State lawyers said there are a number of reasons they shouldn’t have to go that far, including the fact that it would be costly.

    Flint resident Melissa Mays is one plaintiff in the case.

    She says when that cost argument came up, she flashed back to when the state argued Flint couldn’t afford to go back to using Detroit water — something they were eventually forced to do.

    “Just like when we begged to get off of the Flint River and go back to Detroit, and their answer was ‘No, it’s too expensive,’” Mays said. “The fact that that got brought up in court … I’m just sitting here going ‘no no, no you don’t.’ We’ve heard this before, that doesn’t work.’

    “And the fact that they’re trying to put a price tag on people’s health, and their futures? That’s just absurd.”

    • earlofhuntingdon says:

      Flint is, of course, the poster child. Its water problems alone are mirrored in many cities. Washington, DC’s water should be included in a chemistry set labeled, “lead”. Baltimore, most of Jersey, coastal Philadelphia, ad nauseum have similar water system troubles. These are usually addressed through attempts at more aggressive filtration, rather than systemic solutions. Flint proved this does not protect against poisons that enter between the plant and the tap, or protect from negligence or malmanagement. Systemic solutions that provide enduring quality cost money, requiring taxes the wealthy would rather not pay. Govt provided solutions that work are also non sequiturs in the neoliberal world; its proponents strongly discourage them and root them out when found. Besides, what’s wrong with Aqua Deco or Tasmanian rain water, for heaven’s sake?

    • Ian says:

      Thank you by the lakeshore for the link to the News Report of May 14,2016.
      For non-Michigan residents can I recommend the “intelligent layperson’s analysis” complete with graphics and maps and simplified charts covering the entire USA found at the FINANCIAL TIMES on MAY 11,2016 under the title “AMERICA’s MIDDLE CLASS MELTDOWN” by Shawn Donnan & Sam Fleming.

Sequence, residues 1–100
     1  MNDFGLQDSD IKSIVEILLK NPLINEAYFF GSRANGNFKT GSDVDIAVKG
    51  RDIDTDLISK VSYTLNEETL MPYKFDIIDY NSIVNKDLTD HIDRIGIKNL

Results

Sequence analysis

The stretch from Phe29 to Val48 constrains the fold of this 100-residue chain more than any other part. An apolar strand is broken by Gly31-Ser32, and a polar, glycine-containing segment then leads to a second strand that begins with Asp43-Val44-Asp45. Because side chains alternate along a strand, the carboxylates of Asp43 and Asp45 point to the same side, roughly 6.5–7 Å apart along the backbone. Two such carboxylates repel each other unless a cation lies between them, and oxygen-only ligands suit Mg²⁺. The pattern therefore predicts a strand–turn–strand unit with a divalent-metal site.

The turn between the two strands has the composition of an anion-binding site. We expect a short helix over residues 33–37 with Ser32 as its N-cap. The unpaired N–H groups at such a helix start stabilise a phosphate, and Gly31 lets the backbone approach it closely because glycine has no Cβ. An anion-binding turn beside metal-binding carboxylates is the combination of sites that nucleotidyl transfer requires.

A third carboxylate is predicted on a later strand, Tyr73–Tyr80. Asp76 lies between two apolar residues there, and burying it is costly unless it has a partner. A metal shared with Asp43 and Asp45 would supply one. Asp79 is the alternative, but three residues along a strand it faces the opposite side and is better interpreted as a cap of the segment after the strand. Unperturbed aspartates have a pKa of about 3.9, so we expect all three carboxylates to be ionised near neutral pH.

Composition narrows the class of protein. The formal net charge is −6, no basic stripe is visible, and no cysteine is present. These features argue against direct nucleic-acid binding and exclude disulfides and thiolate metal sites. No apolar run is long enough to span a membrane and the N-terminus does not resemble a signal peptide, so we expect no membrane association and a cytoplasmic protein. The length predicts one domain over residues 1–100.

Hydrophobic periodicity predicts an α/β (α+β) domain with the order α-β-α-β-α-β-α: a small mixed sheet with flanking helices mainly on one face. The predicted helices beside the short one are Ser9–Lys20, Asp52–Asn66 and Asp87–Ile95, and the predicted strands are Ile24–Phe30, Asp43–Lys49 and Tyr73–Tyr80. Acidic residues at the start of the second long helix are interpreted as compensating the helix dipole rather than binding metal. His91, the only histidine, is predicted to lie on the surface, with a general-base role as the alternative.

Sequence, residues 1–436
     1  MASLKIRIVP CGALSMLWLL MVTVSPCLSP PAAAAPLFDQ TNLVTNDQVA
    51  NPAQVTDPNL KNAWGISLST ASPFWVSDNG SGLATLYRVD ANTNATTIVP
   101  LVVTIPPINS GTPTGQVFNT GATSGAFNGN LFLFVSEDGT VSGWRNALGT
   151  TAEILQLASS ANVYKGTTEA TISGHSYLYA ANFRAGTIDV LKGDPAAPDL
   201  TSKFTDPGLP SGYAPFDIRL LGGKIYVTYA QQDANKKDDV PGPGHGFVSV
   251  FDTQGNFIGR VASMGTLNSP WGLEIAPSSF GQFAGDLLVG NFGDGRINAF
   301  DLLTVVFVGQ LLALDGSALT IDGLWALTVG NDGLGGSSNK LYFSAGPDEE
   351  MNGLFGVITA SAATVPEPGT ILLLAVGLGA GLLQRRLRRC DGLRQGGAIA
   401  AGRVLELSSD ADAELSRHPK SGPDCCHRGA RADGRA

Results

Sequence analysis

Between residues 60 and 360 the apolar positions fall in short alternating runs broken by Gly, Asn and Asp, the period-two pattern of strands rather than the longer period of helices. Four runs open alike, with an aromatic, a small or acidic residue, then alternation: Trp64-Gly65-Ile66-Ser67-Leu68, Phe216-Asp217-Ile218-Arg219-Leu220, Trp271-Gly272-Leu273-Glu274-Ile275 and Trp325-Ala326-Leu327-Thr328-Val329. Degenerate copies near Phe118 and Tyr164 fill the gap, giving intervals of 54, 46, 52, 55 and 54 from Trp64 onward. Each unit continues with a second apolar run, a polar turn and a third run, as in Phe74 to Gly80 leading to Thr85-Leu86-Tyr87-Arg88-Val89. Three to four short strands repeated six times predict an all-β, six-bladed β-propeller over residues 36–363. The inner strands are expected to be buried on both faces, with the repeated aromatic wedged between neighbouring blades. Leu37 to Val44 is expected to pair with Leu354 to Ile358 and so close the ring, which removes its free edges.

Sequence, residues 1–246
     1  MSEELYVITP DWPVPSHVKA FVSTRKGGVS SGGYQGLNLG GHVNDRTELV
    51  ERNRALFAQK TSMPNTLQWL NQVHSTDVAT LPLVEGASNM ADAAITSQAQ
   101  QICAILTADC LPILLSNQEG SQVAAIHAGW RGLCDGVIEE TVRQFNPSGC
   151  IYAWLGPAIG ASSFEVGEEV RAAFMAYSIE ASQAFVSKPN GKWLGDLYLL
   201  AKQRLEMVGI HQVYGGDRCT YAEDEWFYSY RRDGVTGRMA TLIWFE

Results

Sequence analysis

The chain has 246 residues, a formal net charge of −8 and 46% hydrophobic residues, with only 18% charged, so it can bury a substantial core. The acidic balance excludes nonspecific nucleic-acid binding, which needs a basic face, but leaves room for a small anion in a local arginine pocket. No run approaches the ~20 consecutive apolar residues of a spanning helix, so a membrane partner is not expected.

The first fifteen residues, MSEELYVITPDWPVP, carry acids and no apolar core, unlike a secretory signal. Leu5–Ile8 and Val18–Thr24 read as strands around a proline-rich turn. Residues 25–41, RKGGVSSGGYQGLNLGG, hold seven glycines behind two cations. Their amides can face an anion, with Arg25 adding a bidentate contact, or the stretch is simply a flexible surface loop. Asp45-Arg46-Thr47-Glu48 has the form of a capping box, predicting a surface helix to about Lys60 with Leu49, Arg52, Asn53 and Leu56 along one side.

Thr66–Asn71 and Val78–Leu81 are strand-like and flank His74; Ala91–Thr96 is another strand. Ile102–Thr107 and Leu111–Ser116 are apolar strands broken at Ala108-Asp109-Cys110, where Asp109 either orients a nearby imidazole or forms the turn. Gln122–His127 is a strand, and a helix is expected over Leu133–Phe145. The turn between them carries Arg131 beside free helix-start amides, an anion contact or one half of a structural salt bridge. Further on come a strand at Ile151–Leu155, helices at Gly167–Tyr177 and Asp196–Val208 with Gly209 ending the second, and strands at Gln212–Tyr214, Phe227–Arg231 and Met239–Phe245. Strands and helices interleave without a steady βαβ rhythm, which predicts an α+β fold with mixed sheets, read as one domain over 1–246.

The Pew Research Center “ shares with” the Financial Times[*] (& & its continuing series charting the shrinking number of “middle income Americans” and the May 2016 study is the latest in the series. Readers of the Financial Times worldwide have been kept up to to date about the changing fortunes of the various sections of the US populations for many years now.
      Again using your search engine to link the article:
      *— says: “The Financial Times has an average daily readership of 2.2 million people worldwide (PWC audited figures, November 2011). has 4.5 million registered users and over 285,000 digital subscribers, as well as 600,000 paying users. FT Chinese has more than 1.7 million registered users.”

    • earlofhuntingdon says:

      Yup, and not just the middle class is shrinking. The top 10% is also taking a hit in favor of the top 1% (although they feel their hit much less than everyone else), as is suggested by the number of houses for sale in very upscale Birmingham, Bloomington, and Gross Pointe.

    • martin says:

      quote”Michigan tops nation in shrinking middle class, study shows.”unquote

      OMG. No wonder! The area I live in is the remaining imbred, dumb, stupid, idiotic redneck moron dickheaded dumbfuck asshole fuckface pricks who haven’t got a fucking clue how goddamned stupid they really are. Someone should drop a walking dead bomb here. Sheezushfuckinchrist… brain sucking alien parasites would starve in Lake County.

  5. bevin says:

    ““And the fact that they’re trying to put a price tag on people’s health, and their futures? That’s just absurd.”

    And the fact that they are still trying to make money off the water system is particularly absurd. The state is surrounded by water which, given a modicum of self restraint and respect for the environment could be as pure as any on the planet.
    Instead the lakes are sunk in filth, water levels are falling, and thousands of homes are being cut off from the systems because water costs more than, I’m guessing, most desert areas and, thanks to stupidity and cupidity living standards have been falling steadily since Michael Moore was a promising youngster.
    I was inclined to blame the Repulsive Party but then I realised that the Democrats and, even the Trade Union movement had probably both played as least as important a role as the Automakers and the thing that gave birth to the Governor and his substitutes for popular sovereignty.

  6. by the lakeshore says:

    “This was a hate crime” Michael Moore tells Bill Maher that GOP’s “race hatred” caused Flint crisis

    “This is not a lead issue, this was not even an infrastructure issue,” Moore explained. “This was a decision made by a Republican governor to give the rich in Michigan a billion-dollar tax break.”

    Moore said that to compensate for the hole in the budget, state officials decided to take Flint off of the much more sanitary Great Lakes water supply and forced residents to drink from the toxic Flint river water.